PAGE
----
John F. Kennedy's opponent in the 1960 presidential election was Richard Nixon. In the Democratic primaries, Kennedy faced a number of candidates, of whom the most formidable were Lyndon B. Johnson, Hubert Humphrey and Stuart Symington.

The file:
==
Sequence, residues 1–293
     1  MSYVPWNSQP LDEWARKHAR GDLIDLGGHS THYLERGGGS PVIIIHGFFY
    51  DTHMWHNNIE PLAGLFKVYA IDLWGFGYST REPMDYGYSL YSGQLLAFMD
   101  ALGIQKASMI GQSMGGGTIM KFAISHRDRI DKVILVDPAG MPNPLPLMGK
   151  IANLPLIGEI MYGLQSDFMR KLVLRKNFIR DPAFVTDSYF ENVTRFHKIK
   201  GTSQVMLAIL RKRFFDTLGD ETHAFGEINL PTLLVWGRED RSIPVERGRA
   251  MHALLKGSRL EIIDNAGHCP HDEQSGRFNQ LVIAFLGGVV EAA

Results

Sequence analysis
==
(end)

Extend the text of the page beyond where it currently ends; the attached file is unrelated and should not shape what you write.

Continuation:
The 1960 general election was one of the closest in American history, and many historians have credited the televised national debates, the nation's first, with providing Kennedy the margin that he needed to win. In the debates, the young, vibrant Kennedy looked more presidential than the haggard Nixon, whose five o'clock shadow and pallid appearance did not appeal to voters. By winning the election, Kennedy became the country's first Catholic president.